Now define $Y$ as the number of throws needed (inclusive the first) to come back again in the situation that outcome $U$ and outcome $V$ have appeared the same number of times.

Comparing $Y$ and $X_{2}$ we find easily that $P\left(Y>n\right)\geq P\left(X_{2}>n\right)$ for every nonnegative integer $n$ and consequently: $$\mathbb{E}Y=\sum_{n=0}^{\infty}P\left(Y>n\right)\geq\sum_{n=0}^{\infty}P\left(X_2>n\right)=\mathbb{E}X_{2}$$

Next to that it is evident that $X_{k}\geq Y$ so that $\mathbb{E}X_{k}\geq\mathbb{E}Y$.

Combining this with $\mathbb{E}X_{2}=+\infty$ we conclude that $\mathbb{E}X_{k}=+\infty$ for $k=2,3,\dots$

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  • $\begingroup$ For $k=3$, maybe the assymetrical random walk given by $(A_n-B_n, A_n-C_n)$, where $A_n$, ... denotes the number of $A$'s, ... after $n$ throws, helps!? $\endgroup$ – Stockfish Jan 14 at 11:01
  • $\begingroup$ @Stockfish Maybe, but intuitionally I feel more for finding a way to prove that $k\geq3\implies \mathbb EX_k\geq\mathbb EX_2=+\infty$ where $X_k$ corresponds with denotes the rv for $k=2,3,\dots$. I think that will turn out to be more easy. I think it takes "longer" to get $k$ numbers the same than $2$ if $k>2$. $\endgroup$ – drhab Jan 14 at 11:12
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    $\begingroup$ I think the upgrade to the general case is straight forward. For the $k$-sided dice, consider the expected number of throws until you get the first $k-1$ faces exactly the same number times. This number is clearly smaller than the expected number to get all $k$ faces equally often. It is also bigger than the number of throws on a $k-1$-sided dice, because you can emulate a $k-1$-sided dice on a $k$-sided dice by just ignoring the throw whenever you get the $k$-th face. Hence the sequence of numbers is increasing in the number of dice faces, so if $k=2$ is already infinite, so are all others. $\endgroup$ – quarague Jan 14 at 12:09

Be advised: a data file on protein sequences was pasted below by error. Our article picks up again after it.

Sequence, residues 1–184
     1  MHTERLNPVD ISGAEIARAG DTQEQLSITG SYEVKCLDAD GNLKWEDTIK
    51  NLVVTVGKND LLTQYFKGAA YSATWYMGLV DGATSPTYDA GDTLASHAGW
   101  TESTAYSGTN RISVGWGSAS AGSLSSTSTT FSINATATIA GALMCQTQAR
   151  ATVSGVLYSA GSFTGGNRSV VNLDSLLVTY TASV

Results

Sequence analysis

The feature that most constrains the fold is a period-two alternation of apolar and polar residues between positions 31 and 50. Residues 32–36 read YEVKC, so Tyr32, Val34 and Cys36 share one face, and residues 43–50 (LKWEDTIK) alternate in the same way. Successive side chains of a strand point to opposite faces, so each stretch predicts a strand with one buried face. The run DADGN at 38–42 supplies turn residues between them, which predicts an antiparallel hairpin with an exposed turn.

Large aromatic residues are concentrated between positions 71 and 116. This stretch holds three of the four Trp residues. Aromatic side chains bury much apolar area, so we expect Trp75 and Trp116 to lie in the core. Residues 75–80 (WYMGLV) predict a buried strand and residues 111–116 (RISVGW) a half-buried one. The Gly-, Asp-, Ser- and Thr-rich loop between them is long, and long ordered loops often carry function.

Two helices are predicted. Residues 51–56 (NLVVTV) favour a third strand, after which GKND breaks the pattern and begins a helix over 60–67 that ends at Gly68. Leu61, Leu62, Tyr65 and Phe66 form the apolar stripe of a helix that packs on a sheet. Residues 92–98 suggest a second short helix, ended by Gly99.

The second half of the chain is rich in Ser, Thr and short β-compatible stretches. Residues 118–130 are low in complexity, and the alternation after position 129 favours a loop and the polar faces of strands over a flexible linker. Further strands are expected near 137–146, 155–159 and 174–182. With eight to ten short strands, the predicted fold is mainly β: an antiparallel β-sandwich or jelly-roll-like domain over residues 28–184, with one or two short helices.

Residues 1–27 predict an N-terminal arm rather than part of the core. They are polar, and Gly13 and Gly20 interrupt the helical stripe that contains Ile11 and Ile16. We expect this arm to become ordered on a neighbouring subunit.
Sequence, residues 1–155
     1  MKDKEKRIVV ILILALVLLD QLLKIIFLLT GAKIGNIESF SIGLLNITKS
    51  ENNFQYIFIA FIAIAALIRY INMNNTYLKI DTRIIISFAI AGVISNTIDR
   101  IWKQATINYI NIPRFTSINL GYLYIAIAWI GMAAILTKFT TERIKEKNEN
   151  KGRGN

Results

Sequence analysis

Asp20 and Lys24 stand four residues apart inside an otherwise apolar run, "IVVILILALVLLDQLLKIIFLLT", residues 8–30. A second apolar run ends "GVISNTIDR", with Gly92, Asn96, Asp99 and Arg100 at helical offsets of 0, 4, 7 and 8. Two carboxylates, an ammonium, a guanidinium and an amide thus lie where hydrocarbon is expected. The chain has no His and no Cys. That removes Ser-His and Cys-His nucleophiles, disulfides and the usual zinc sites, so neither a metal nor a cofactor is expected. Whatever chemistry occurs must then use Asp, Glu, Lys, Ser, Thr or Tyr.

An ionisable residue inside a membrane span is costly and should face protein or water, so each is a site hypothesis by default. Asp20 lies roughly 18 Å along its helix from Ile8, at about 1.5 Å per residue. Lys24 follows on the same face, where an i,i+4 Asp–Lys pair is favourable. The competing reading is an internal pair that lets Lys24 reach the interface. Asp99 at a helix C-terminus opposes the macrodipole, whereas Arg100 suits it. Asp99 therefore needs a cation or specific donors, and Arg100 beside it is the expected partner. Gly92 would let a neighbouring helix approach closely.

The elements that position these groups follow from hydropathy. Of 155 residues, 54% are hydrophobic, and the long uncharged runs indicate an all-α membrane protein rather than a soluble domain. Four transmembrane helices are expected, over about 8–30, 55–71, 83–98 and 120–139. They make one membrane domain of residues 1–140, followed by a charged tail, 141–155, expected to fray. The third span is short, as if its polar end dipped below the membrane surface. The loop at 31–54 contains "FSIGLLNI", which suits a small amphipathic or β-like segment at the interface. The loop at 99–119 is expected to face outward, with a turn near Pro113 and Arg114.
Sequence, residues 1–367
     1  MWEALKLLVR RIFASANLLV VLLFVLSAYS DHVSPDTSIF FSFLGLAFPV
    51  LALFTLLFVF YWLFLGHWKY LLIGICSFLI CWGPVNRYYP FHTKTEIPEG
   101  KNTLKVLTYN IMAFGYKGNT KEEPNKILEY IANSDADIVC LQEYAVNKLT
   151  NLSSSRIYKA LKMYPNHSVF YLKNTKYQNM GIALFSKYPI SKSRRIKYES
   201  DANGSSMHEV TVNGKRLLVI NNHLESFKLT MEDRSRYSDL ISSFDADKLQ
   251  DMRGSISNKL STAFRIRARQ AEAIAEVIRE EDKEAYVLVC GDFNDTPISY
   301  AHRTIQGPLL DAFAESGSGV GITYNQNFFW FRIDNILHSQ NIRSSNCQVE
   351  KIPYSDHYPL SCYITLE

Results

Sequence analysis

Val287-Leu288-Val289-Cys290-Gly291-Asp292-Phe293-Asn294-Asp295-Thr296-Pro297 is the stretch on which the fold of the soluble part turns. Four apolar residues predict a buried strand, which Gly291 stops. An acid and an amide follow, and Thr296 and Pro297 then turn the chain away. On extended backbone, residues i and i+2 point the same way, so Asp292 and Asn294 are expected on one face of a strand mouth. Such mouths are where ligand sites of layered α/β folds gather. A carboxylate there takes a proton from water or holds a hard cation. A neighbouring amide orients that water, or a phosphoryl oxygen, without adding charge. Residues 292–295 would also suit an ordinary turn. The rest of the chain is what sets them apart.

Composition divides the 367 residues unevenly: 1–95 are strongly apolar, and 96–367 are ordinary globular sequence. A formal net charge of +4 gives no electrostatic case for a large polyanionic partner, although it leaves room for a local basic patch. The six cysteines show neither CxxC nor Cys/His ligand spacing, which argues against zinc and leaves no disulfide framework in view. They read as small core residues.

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    $\begingroup$ @quarague Yes. I think you are right. Also if there are e.g $k=4$ then you can split up in outcome in $\{1,2\} $ and outcomes in $\{3,4\} $. It was beyond doubt for me that we had $+\infty $ for every $k $ on base of the case $k=2$ but I was too lazy to search for a proper proof for this somehow evident fact. $\endgroup$ – drhab Jan 14 at 13:27
  • $\begingroup$ drhab: can you edit your answer in a way that makes it clear it is not just a partial answer but in fact solves all cases? $\endgroup$ – quarague Jan 15 at 7:43
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Take a $2$-sided die and let $N$ be the number of rolls taken to get from a position where the numbers of 1s and 2s differ by $1$ to a point where they are equal. This has the same distribution as reducing a difference of $2$ to $1$.

Suppose $\mathbb E(N)<\infty$. Then we have $\mathbb E(N)=1+\frac12\times2\mathbb E(N)$, since after the first roll with probability $\frac12$ you succeeded and with probability $\frac12$ you have a difference of $2$, which you have to reduce twice. But this equation has no finite solution, contradiction.

It follows that the expectation is infinite for any number of sides, since after the first roll two sides have come up different numbers of times, and even waiting until those two are equal has infinite expectation.

As you say, for six or more sides there is a positive probability of never equalising. I suspect that six is not the smallest value for which this holds.

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  • $\begingroup$ That is a nice solution!(+1) $\endgroup$ – drhab Jan 14 at 18:42
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Launching the die $n$ times, we have a word of length $n$ from the alphabet $\{1,\cdots,k\}$.
There are $k^n$ different words that may be composed.

Each word corresponds to a term of the expansion of the multinomial $$ \left( {x_{\,1} + x_{\,2} + \cdots + x_{\,k} } \right)^n \quad \left| {\;x_{\,j} = j} \right. $$